“There is a rich thesaurus of things I have said that have, one way or the other, I don’t know, that has been misconstrued.” — Boris Johnson, Jul 19, 2016
It might have been seen as a form of expressive penal servitude. The UK Foreign Secretary’s position is usually one of the more prestigious ones. Even with Britain being a faded power, a historical scarecrow relative to its former meatier self, the position remains relevant.
Given the Brexit vote, the office has assumed even greater importance, though the new Prime Minister Theresa May was careful to make sure a separate cabinet position was created specific to those consequences.
The reputation of the new office holder, Boris Johnson, is not that of dedicated industriousness and organisation, and floundering through history is not necessarily a tradition that will assist him. David Davis, for that reason, will be keeping a close eye over him at close quarters.
The recipe of being the stand up comic has been Johnson’s preferred form of engagement. At times, it is a wonder whether he is, like figures such as Russell Brand and Eddie Izzard, a comedian turned politician or a politician turned comedian. In the wrong transformation, seriousness, or an undue comic turn, can prove fatal.
Johnson’s manner wins him followers; it provides reels and loops of entertainment and cringe worthy moments in equal measure. Underlying it is a sense that the British private school boy might still run the show, pulling strings of empire that have long been loosened, if not severed.
Nothing will save Johnson from the nest he has made for himself. Having been economical with a range of figures in the pro-Brexit campaign, he is showing signs of claustrophobia when confronted by them.
His first major press conference as Foreign Secretary, held alongside US Secretary of State John Kerry, caused visible emotional tension. Prior to it, Johnson had suggested that Kerry walk headfirst into the Number 10 door, the price of entertainment, even between officials of the “special relationship”. Kerry was not obliging.
The press conference brought to light another side of the May gamble: to place Boris before the proverbial press firing squad, and witness how he would fend off the criticism.
The questions were thick with an insisting tone, finding the comic turned serious politician hard to take. An American journalist from Associated Press reminded Johnson of his Telegraph contribution on the former First Lady and presumptive Democrat nomination for the US presidency. “She’s got dyed blonde hair and pouty lips, and a steely blue stare like a sadistic nurse in a mental hospital.”
As far as descriptions go about the deeply sociopathic complex of the Clinton establishment, that description of Hillary was as good as any. But given that Johnson was fronting now, not as polemic scribbler, but British representative on foreign affairs, the point was clear: humour and cutting observations have no place in such dry matters of state. More to the point, dumping on a potential future leader of the “free world” is bound to rile a good many in freedom land.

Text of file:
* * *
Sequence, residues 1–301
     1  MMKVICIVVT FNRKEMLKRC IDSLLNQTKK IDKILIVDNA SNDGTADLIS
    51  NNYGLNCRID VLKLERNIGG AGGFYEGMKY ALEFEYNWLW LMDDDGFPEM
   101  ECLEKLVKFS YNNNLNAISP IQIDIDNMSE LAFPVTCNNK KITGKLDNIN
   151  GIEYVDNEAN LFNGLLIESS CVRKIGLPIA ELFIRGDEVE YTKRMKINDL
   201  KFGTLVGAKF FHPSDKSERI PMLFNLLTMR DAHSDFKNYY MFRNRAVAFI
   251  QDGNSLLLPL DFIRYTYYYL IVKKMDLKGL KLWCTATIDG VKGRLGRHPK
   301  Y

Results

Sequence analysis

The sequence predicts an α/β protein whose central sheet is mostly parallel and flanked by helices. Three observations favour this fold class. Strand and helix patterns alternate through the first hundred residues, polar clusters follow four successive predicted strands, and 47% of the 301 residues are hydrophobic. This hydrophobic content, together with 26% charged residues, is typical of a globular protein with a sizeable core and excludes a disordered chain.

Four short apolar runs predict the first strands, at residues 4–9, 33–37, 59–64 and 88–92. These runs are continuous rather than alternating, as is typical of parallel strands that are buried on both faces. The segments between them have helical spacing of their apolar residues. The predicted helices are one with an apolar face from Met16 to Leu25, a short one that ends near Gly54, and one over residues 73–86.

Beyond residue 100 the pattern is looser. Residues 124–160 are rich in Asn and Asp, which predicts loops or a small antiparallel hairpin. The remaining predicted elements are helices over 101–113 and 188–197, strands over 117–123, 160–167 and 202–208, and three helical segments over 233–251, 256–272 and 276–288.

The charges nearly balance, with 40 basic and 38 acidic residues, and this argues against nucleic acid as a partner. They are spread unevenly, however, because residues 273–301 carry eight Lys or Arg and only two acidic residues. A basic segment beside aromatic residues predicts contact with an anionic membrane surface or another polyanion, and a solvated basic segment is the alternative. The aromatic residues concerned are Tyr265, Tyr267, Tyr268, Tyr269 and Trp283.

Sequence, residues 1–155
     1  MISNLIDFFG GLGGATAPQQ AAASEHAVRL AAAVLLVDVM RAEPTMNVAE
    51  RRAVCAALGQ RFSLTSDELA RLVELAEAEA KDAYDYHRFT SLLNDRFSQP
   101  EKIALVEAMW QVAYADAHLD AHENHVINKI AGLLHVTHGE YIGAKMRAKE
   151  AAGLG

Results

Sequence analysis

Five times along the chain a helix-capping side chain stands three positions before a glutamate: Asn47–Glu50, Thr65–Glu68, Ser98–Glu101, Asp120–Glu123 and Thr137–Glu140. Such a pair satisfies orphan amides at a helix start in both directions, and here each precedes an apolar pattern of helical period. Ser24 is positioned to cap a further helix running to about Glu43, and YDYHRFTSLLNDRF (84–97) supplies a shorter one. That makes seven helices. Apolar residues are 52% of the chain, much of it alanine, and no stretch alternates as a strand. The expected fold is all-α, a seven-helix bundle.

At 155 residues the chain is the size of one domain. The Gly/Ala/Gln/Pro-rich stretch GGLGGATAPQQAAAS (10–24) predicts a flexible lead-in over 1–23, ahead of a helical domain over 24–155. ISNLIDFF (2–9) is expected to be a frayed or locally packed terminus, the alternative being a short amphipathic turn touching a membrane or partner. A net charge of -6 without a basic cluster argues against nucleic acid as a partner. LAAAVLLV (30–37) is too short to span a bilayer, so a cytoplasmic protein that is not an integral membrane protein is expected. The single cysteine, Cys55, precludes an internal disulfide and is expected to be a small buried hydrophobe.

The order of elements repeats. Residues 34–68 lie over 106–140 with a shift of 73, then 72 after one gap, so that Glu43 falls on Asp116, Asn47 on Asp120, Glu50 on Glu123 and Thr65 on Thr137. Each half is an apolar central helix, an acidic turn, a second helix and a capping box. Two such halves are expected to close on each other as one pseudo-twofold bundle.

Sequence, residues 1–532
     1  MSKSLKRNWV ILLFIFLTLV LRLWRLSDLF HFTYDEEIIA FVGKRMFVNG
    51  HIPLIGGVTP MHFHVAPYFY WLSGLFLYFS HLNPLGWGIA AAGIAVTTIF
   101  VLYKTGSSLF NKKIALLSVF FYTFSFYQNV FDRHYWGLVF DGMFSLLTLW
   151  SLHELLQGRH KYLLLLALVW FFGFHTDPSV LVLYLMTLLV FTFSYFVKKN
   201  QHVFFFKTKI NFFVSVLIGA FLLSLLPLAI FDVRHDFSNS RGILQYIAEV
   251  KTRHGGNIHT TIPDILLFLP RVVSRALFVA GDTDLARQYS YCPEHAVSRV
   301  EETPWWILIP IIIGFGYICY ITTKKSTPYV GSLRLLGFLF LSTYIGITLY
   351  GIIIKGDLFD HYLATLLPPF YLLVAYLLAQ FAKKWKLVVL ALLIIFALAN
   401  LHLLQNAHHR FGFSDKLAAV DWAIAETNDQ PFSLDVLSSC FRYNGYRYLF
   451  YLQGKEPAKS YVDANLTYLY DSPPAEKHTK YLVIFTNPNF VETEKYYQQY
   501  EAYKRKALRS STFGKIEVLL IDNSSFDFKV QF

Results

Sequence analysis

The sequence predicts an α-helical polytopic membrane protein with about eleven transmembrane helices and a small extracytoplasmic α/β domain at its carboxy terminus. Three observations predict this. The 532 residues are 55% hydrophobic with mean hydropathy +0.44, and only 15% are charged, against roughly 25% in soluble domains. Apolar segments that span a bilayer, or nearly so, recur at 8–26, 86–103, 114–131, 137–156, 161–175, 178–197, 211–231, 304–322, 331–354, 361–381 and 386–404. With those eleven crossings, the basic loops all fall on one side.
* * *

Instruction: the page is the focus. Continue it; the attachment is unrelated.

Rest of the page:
“You compared her to Lady Macbeth,” continued the journalist. “Do you take these comments back or do you want to take them with you into your new job as some kind of indicator of the type of diplomacy you will practice?”
Johnson preferred a different manoeuvre, which was a vain attempt to bring the conservation back to the straight road. There were serious matters to discuss. “I’d think we’d all much rather talk about Syria.” Or not, as the case seemed, when Johnson decided to lob a few other distracting bombs by confusing Turkey with Egypt on no less than two occasions.
The issue of exaggeration was also bound to come up. The New York Times representative pointed out in its question “an unusually long history of wild exaggerations and frankly outright lies that I think few foreign secretaries have prior to this job.” What would Mr Kerry think about that?
The Secretary of State seemed to be in visible agony, while Johnson switched gears again into reflecting on being the apologist-in-chief. No one, and nothing, has escaped the Boris insult machine:
“We can spend an awfully long time going over lots of stuff that I’ve written over the last 30 years… All of which, in my view, have been taken out of context, through what alchemy I do not know – somehow misconstrued that it would really take me too long to engage in a full global itinerary of apology.”
Johnson has shown himself to be a fire that burns with inspiration in the scandal of the moment, drawing strength from such publicity fanning moments as hosting the satirical news program Have I Got News For You. That program, team captains Paul Merton and the editor of Private Eye, Ian Hislop, reflect, did much to launch his career. They rue that fact to this day.
In what is also another gamble, placing Johnson in such a setting will either have the effect of eliminating him as a future prime minister, forever condemning him to comic little England status, or embolden him as idiosyncratic, infuriating patriot. The former Mayor of London remains erratically dangerous to his opponents.
Dr. Binoy Kampmark was a Commonwealth Scholar at Selwyn College, Cambridge. He lectures at RMIT University, Melbourne. Email: [email protected]